Islam is not simply a revolution brought about by Arabs who, bored of living under their tents, were stirred up by a gifted leader to make a sudden conquest of the most opulent cities of the East. Rather, God allowed the ancient enemy of mankind to have a special opportunity, and to choose an instrument by which he might lead nations astray, enslaving them by the sword. And so there arose Mahomet, the man of Satan, and the Koran, his gospel.

But what was the crime which induced divine justice to go to such an extremity, abandoning nations to a slavery of which we can still see no end? Heresy: for heresy is a dreadful crime which makes the coming of the Son of God into this world to be of no avail.  It refuses the word of God; it tramples upon the infallible teaching of the Church. Such a crime must be punished, in order that Christian peoples may learn that no nation resists the revealed words without the danger of suffering, even in this world, the penalty of its rash ingratitude. And so Alexandria fell, though it was Peter’s second see, and Antioch, where he had first been bishop, and Jerusalem, keeper of the glorious Tomb.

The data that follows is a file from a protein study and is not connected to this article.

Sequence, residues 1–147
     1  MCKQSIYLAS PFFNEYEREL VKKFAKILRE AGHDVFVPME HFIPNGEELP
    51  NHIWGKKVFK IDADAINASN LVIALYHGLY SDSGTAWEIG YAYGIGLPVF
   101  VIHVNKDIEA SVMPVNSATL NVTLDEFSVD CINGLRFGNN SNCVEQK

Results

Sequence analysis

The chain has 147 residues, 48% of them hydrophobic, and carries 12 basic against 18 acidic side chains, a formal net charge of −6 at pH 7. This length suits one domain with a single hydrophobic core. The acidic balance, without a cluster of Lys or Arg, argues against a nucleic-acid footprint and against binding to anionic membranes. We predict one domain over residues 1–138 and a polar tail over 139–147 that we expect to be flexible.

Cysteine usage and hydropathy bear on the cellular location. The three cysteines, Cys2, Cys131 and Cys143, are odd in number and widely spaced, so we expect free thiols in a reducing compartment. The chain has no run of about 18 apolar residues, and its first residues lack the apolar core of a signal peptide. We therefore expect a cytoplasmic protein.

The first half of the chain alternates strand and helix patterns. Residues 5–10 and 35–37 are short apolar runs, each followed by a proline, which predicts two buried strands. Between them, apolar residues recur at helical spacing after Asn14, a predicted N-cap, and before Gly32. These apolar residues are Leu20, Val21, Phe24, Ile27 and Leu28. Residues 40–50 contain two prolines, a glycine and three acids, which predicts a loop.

The tide was stopped in front of Constantinople, and did not immediately overflow the regions that surrounded it. The Eastern empire, soon to become the Greek empire, was given the opportunity to learn a lesson. Had Byzantium watched over the faith, then Omar would not have come to Alexandria, nor to Antioch, nor to Jerusalem. A delay was granted; it lasted for eight centuries. But when Byzantium had filled up its measure, then the Crescent appeared once more in vengeance. No longer is it the Saracen, who is a spent force, but rather the Turk. Hagia Sophia will see its Christian images whitewashed, with verses from the Koran painted over them. And this is the reason: it had become the sanctuary of schism and of heresy. [. . .]

It dared to penetrate even into the land of France. But a hard expiation it had to do for its boldness, on the plains of Poitou. Islam had made a mistake; where there is no heresy, there it can find no foothold. [. . .]

We shall stop here, having acknowledged the justice of God in regard to heresy, and the true reason of the victories of Islam. We have seen the only reason why God permitted Islam to arise, and why it did not remain an obscure and ephemeral sect in the deserts of Arabia.

We can remember also the words of Leo XIII in Exeunte Iam Anno: